December 01, 1997
Meetings & Conventions: Firing a Client December 1997 Current Issue
December 1997 Firing a Client
Firing a Client

How to recognize when it's time to cut your losses


When Bonnie Wallsh first hung out her shingle as an independent meeting planner, she had the idealistic notion that every client's business was worth whatever it took to make them happy. But 19 years of experience has taught her otherwise. She has learned to identify what she calls "toxic clients" and to sever ties with those who may be hazardous to the health of her business. "You're better off without them," says Wallsh, president of Bonnie Wallsh Associates, Ltd., in Charlotte, N.C. "They sap your energy and they literally poison your life."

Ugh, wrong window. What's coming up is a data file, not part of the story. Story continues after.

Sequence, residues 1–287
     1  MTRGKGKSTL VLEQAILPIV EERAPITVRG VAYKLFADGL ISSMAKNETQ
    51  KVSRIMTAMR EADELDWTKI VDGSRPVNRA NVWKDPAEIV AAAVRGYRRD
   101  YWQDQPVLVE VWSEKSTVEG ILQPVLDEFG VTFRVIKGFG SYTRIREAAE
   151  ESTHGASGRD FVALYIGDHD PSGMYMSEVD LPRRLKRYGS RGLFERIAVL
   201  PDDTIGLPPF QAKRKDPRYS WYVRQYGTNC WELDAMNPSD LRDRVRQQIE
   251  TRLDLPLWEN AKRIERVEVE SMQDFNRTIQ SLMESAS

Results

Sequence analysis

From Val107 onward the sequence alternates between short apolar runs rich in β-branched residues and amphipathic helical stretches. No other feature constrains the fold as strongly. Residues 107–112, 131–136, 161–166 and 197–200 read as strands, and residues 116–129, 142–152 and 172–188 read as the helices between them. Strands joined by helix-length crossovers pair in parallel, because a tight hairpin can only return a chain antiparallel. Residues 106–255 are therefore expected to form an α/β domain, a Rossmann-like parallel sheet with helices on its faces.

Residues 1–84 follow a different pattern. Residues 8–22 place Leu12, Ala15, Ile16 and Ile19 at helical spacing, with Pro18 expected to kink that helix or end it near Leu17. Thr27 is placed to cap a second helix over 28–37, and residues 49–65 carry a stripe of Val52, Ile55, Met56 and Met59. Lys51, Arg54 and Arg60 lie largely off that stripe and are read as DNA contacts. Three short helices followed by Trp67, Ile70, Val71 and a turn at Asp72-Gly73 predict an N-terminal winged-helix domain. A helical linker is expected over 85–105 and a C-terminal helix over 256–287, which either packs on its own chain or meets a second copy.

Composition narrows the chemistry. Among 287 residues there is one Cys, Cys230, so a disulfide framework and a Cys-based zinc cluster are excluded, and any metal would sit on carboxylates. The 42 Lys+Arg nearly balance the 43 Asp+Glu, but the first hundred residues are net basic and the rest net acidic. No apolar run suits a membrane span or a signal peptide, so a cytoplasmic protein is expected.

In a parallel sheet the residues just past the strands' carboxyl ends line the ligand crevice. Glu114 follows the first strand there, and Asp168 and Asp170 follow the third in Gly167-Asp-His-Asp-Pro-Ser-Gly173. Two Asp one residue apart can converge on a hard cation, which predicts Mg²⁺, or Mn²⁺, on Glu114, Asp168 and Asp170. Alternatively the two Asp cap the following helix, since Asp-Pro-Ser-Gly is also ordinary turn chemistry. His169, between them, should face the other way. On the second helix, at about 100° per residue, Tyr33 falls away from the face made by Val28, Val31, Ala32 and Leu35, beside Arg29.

What makes a client toxic? For Wallsh, one was a nonprofit organization whose director made demands she considered unethical. The problem first surfaced during a meeting in Montreal where registration fell far short of the room blocks at four hotels. "One hotel quite reasonably wanted us to release the rooms we didn't need, but the client refused," says Wallsh. "I had loyalty to my client, but I felt the supplier was being treated unfairly."

The same problem soon resurfaced during a meeting in Cleveland. Again, registration fell short of the room block, and the client not only refused to release any rooms but also wanted the hotel to waive meeting room charges, claiming inconvenience because one of the elevators didn't work. "Once again, I was in the awkward position of agreeing with the hotel, not my client," says Wallsh. "We had serious philosophical differences that were threatening my relationships with suppliers, not to mention compromising my integrity."